Women? In the gospels?! Yep, that's right. Luke gives women a pretty prominent role in his story. He names several female followers of Jesus (8:1-3), makes them the first witnesses of the empty tomb (24:1-8), and affirms that they, too, should attend to the teachings of Jesus (10:38-42). Luke is living in a Greco-Roman cultural world, where there are plenty of debates about whether women even have the capacity to learn at all and whether they can properly hold a job like, say, philosopher. It's pretty easy to see which side Luke seems to have come down on.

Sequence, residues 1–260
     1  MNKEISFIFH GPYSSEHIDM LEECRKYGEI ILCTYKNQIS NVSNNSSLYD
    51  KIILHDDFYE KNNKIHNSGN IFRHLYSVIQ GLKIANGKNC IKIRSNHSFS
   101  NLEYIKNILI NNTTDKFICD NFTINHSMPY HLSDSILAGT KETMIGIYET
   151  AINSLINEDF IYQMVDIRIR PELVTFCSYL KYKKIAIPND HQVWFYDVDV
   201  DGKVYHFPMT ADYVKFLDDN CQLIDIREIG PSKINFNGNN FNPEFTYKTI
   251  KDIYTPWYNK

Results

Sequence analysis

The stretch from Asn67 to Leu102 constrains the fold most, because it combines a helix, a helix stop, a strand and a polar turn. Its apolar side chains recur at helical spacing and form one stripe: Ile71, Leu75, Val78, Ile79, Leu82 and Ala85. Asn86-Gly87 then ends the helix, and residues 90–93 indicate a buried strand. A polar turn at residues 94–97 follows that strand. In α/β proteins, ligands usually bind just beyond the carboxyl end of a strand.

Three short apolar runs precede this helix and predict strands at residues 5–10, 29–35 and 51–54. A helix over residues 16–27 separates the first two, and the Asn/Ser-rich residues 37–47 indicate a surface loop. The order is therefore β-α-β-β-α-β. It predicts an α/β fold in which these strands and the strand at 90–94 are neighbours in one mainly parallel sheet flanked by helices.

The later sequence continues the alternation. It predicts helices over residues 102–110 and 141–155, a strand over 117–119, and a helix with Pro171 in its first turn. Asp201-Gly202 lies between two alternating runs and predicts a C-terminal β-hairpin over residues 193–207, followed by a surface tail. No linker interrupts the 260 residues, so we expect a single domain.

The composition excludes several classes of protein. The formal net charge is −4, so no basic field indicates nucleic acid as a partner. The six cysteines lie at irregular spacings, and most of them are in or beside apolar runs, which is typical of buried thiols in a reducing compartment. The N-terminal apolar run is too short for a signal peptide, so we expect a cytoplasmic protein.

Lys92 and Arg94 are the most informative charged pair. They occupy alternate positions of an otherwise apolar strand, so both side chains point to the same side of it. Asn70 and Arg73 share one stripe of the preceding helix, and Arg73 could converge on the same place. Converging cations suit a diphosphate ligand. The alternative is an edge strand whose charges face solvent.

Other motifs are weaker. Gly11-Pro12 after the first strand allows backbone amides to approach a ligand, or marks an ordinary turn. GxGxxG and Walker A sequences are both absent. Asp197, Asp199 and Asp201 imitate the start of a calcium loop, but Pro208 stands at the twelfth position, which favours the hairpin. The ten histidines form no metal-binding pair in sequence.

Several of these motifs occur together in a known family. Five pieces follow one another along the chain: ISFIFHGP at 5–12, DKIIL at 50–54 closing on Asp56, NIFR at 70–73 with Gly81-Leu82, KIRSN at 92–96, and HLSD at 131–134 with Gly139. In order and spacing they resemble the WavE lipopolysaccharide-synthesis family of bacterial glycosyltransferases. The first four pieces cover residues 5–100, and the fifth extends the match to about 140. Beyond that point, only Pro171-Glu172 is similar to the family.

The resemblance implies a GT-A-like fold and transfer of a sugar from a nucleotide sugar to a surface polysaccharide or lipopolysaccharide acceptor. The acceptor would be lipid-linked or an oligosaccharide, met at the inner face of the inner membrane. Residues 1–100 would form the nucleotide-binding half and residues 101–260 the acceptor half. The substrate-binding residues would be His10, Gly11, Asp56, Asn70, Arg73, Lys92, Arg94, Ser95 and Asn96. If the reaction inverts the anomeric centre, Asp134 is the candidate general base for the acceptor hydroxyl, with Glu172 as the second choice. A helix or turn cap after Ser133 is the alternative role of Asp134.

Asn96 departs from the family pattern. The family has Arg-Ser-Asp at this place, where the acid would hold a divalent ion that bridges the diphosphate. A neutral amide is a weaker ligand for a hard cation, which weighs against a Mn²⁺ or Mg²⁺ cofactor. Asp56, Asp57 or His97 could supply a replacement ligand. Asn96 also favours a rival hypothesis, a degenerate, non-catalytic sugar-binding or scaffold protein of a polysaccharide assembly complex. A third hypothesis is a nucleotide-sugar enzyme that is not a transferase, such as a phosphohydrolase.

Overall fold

But let's not get ahead of ourselves; this isn't the stuff of Women's Lib. Luke is not re-writing the cultural expectations men hold about women or the cultural roles men assign to women. The trick is to tease out just how far Luke goes without losing sight of the fact that he's still working within the confines of a very male-centered world.
Questions About Women and Femininity
Does Luke give women the same treatment he gives other social outcasts?
What does Luke see as women's proper work and role?
Imagine a scale with Women's Lib on one side and patriarchy on the other. Where would you place Luke on this scale? Is he always consistent?
Does Luke take up any of the stereotypical female roles found throughout world literature, like the femme fatale, the chaste maiden, the lovesick woman, or the bad girl?